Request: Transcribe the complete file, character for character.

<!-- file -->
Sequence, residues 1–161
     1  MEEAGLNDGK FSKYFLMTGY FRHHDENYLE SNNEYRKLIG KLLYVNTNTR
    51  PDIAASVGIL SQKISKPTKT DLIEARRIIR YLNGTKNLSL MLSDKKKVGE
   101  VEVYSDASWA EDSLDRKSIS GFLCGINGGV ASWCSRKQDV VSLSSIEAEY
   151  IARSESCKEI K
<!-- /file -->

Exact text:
Sequence, residues 1–161
     1  MEEAGLNDGK FSKYFLMTGY FRHHDENYLE SNNEYRKLIG KLLYVNTNTR
    51  PDIAASVGIL SQKISKPTKT DLIEARRIIR YLNGTKNLSL MLSDKKKVGE
   101  VEVYSDASWA EDSLDRKSIS GFLCGINGGV ASWCSRKQDV VSLSSIEAEY
   151  IARSESCKEI K